Hydrangeas won't bloom

Hollis, NH

I have been researching this for a few years and can't solve why my hydrangeas won't bloom.
- I have tried not pruning - didn't work
- I have tried not pruning and protecting over winter with leaves surrounded by burlap - pics attached show this doesn't seem to have worked.

Pics attached are this year and again, I see no blooms. The first two are unidentified but the third, which is a row of three Teller Blue macrophylla. I am thinking of trying fertilizer just because I haven't done it yet.

Any ideas anyone?

Thumbnail by Lauranh Thumbnail by Lauranh Thumbnail by Lauranh
Thomaston, CT

This is an ongoing problem for me as well....even those hydrangeas blooming on new wood like Endless Summer, do not put forth blooms if the conditions aren't right....last year, I had one bloom on Endless Summer....this year it has many blooms....don't ask me why because both winters were very cold & snowy! My Dad always seemed to have success with the burlap & leaves.....On the other hand, I read a book on hydrangeas at my niece's house in Pittsford NY ....She's a zone warmer because of Lake Ontario, & this book was written by a hydrangea hybridizer in her area. He suggested that ALL hydrangeas should be kept in pots in an unheated garage over the winter in any zones colder than 7....well, that's OK if you want small ones.....I have really large ones that would have to be seriously pruned & divided for that to happen....I guess you are supposed to sink the pot into the soil come spring, & dig it out in the fall....too much work! I do fertilize my bushes, but again, it depends on the weather....I think! Hope this helps.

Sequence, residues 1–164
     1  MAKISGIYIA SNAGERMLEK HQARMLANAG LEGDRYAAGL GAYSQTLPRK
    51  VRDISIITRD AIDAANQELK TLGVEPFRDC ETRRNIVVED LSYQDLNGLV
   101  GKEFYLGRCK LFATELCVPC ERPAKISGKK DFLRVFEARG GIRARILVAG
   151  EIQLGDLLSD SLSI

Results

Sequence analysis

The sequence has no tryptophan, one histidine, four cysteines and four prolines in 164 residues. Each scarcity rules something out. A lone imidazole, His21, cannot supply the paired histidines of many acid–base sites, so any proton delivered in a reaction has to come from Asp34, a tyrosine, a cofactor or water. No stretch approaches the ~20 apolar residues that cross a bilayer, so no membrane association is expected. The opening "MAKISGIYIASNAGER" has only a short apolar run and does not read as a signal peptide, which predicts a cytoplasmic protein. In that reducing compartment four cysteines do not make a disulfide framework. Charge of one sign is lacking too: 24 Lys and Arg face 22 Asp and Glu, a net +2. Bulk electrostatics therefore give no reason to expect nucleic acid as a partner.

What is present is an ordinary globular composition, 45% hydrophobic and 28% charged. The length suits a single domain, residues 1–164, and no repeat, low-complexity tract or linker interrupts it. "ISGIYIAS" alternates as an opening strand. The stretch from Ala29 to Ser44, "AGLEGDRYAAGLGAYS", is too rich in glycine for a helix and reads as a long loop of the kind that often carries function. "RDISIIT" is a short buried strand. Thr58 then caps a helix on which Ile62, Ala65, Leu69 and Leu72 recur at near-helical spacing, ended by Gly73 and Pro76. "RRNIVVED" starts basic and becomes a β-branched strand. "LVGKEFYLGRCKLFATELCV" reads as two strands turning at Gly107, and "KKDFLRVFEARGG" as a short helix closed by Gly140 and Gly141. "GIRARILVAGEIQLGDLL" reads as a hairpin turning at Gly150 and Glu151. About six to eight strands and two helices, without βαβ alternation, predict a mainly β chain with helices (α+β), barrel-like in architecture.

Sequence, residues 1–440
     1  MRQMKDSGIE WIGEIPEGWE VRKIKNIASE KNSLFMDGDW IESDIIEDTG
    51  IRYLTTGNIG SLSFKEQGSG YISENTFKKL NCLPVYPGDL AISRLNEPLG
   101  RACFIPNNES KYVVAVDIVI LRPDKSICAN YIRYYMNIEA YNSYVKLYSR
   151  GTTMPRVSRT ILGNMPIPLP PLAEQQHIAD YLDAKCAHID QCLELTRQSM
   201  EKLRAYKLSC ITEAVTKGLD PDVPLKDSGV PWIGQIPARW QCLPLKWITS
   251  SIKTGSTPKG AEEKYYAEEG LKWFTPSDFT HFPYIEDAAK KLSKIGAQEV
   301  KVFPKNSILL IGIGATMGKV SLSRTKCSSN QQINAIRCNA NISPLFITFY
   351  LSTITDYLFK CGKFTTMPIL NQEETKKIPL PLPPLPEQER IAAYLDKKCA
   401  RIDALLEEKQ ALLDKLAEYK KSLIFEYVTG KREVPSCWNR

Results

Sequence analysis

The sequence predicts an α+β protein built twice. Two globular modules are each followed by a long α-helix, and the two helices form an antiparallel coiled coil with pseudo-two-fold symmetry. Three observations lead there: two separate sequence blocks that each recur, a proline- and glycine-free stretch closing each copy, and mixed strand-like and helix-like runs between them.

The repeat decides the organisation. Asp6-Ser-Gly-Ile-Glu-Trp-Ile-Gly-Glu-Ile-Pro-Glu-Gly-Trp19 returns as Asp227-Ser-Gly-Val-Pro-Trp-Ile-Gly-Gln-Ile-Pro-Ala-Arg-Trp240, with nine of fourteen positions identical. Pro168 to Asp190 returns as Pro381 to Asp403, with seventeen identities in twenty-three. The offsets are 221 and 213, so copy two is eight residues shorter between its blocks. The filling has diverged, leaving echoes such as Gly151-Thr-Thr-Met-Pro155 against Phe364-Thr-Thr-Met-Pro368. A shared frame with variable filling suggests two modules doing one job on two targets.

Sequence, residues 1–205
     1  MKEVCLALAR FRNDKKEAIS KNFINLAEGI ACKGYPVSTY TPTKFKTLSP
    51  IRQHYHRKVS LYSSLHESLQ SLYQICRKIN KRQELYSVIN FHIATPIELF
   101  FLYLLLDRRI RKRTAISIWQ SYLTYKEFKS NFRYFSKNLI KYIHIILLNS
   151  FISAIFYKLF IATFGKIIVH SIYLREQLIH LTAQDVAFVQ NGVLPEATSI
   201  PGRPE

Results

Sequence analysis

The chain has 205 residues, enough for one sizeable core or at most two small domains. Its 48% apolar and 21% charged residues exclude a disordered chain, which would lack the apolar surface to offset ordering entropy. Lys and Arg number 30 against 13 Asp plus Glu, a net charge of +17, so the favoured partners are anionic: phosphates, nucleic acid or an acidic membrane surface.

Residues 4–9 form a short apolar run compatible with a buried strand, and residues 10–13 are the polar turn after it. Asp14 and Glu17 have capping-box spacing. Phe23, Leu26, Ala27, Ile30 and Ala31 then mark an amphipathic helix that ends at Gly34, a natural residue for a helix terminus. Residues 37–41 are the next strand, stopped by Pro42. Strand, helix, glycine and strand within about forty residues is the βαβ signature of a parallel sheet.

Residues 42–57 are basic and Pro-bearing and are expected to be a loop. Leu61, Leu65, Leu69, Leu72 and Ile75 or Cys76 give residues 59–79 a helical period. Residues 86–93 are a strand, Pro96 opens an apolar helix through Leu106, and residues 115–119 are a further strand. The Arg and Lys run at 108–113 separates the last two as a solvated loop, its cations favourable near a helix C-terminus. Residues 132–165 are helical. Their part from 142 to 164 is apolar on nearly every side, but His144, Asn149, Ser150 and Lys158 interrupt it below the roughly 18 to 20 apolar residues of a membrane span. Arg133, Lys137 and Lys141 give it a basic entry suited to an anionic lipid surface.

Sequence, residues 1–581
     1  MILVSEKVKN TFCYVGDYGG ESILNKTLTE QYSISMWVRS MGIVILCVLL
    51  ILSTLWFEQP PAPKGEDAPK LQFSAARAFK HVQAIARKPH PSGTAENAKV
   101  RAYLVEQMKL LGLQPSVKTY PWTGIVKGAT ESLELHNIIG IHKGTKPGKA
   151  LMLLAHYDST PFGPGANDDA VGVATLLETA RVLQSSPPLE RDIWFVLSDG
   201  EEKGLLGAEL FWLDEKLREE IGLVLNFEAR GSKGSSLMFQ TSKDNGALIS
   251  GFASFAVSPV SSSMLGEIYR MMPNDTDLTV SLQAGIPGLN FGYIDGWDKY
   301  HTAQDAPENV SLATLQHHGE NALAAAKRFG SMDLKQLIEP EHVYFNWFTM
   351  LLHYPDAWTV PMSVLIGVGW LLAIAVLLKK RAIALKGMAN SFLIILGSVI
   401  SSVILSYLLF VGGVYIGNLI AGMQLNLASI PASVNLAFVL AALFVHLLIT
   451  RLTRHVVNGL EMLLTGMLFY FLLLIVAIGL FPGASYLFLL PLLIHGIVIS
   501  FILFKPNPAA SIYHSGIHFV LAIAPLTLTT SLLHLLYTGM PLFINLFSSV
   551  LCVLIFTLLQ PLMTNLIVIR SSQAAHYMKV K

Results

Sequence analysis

Riverhead, NY

Hi Laura,
It looks to me like you've got mop heads which bloom on old wood. If so, cutting them back reinvigorated the bottom growth which has got them fuller looking. My suggestion is to leave them alone this year, and then mulch heavily around them this fall. The last two winters were hard on our hydrangeas, but they'll make a rebound. After quite the cut-back two years ago, my old mop head is just throwing out a few blooms this year, but it's better than it was. Warmer soil is definitely a main issue, but fertilizer early post-bloom is also a fine idea.

Lexington, MA(Zone 6a)

Great advice here. My lazy gardener solution is if a plant does not perform after all these efforts fail, and after patience has worn thin, the plant is moved or chopped down. I think mopheads are rather temperamental, but go figure, Mousme which has been lackluster for about three years since i planted it, and drastically chopped a year ago, is blooming its many heads off. Now it is too close to the other shrubs and will have to be moved anyway. Then it will probably sulk for another three or four years.

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